FEDERAL WAY, Wash. -- No matter their opinion on same-sex marriage, World Vision U.S. insiders admit there is deep pain within the organization's Federal Way headquarters.
"The effect is going to be the children and those that we serve," former World Vision financial analyst David Tobias said.
Tobias is disappointed in his former employer, which he says is as financially complex as any major corporation.
On Monday, the Christian nonprofit announced it would open employment to people in same-sex marriages. After an uproar from conservative donors, it reversed the decision just two days later.
"It was challenging for me to accept that my gay friends at work couldn't be who they were," Tobias said. "Really breaking their back and putting their heart and soul into World Vision, then being told publicly they weren't good enough to do it."
World Vision U.S. President Richard Stearns released a statement Wednesday asking for forgiveness from those who criticized the organization's decision to change its morality clause.
"We are brokenhearted over the pain and confusion we have caused many of our friends, who saw this decision as a reversal of our strong commitment to Biblical authority. We ask that you understand that this was never the board's intent. We are asking for your continued support. We commit to you that we will continue to listen to the wise counsel of Christian brothers and sisters, and we will reach out to key partners in the weeks ahead," Stearns wrote. "We are asking for your continued support."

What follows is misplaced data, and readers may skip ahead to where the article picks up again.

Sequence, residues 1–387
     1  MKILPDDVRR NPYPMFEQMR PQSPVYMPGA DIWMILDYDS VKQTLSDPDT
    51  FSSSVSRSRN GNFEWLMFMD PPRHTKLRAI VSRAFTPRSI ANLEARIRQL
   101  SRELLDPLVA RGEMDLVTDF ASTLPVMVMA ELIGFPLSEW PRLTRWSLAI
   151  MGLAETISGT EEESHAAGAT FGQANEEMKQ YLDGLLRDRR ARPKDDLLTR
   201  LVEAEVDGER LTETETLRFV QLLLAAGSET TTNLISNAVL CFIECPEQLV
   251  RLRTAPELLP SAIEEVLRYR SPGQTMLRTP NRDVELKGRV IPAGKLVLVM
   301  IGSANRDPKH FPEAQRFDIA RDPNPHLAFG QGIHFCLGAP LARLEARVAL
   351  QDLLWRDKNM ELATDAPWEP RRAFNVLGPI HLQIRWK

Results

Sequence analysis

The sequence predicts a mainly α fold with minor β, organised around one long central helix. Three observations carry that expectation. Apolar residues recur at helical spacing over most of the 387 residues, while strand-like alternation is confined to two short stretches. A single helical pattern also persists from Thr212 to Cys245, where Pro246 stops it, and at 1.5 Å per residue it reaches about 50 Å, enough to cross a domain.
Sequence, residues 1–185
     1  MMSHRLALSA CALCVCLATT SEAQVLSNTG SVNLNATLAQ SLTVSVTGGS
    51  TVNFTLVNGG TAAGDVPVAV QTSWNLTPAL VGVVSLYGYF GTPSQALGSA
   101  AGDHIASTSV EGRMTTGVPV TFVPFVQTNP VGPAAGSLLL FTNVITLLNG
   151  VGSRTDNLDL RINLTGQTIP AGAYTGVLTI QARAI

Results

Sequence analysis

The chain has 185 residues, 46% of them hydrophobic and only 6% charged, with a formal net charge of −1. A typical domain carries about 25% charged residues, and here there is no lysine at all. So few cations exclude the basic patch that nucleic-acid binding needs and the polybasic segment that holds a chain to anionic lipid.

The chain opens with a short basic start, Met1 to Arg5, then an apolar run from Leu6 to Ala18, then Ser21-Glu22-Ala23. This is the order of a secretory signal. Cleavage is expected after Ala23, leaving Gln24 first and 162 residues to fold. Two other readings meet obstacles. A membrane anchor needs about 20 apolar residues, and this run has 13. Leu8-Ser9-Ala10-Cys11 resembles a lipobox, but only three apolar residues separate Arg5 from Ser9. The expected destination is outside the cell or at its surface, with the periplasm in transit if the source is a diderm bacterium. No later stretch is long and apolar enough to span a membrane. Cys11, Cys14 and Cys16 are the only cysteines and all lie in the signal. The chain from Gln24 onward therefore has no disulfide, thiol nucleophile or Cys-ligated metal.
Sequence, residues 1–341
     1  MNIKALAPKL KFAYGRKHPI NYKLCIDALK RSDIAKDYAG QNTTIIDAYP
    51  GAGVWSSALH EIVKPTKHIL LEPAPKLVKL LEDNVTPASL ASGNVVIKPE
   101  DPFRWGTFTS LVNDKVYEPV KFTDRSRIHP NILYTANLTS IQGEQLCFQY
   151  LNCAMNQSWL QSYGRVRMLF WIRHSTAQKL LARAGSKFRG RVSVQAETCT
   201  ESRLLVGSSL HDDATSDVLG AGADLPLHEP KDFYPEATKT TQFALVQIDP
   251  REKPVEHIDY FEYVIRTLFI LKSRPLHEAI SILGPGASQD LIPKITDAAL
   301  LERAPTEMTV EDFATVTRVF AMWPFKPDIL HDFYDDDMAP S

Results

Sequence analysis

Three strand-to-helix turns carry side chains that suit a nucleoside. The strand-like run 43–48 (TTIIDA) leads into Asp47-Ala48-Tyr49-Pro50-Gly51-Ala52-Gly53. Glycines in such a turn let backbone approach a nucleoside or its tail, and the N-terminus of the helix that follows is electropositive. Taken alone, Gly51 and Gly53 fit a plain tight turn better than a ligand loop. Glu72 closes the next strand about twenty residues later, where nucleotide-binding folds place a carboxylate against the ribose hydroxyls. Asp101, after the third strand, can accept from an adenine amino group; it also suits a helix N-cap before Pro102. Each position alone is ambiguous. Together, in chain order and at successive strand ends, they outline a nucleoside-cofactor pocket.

Stearns originally announced that World Vision U.S. leaders had prayed for years over the decision that took less than 3 days to reverse.
"The inconsistency bothered me," Anne Duffy said. "For my own faith and having been an employee, I was concerned for the organization."
Duffy spent four years as a World Vision U.S. media relations manager in Washington DC. She supports the original morality clause that leaders reinstated but is concerned about the publicity damage.
Its Facebook page is now covered with threats from donors on both sides planning to cancel financial support.
Duffy hopes it might turn into an event that makes the nonprofit stronger, if handled more delicately and authentically in the coming weeks.
"If the organization and its top management can rebuild the trust, say over the next one to three years that was eroded in a matter of four days," she said.
For Tobias, however, it's confusing at best. He remembers the organization as one that rarely took a stand on diverse Christian teachings about divorce or alcohol.
"Why is this the line in the sand?" he said. "If you don't think you can manage through the backlash, then don't ever bring it up."
Tobias questions how leaders could possibly not have predicted the backlash they received, though he wholeheartedly believes in World Vision's mission to give hope and relief in some of the world's most impoverished areas.
World Vision handles nearly $1 billion of relief funds internationally, and Stearns told reporters he does not know how much money they may have lost in light of the controversy.
"The work that World Vision does is supremely critical and I can't think of a better company that does that job," he said. "The effect is going to be the children and those that we serve."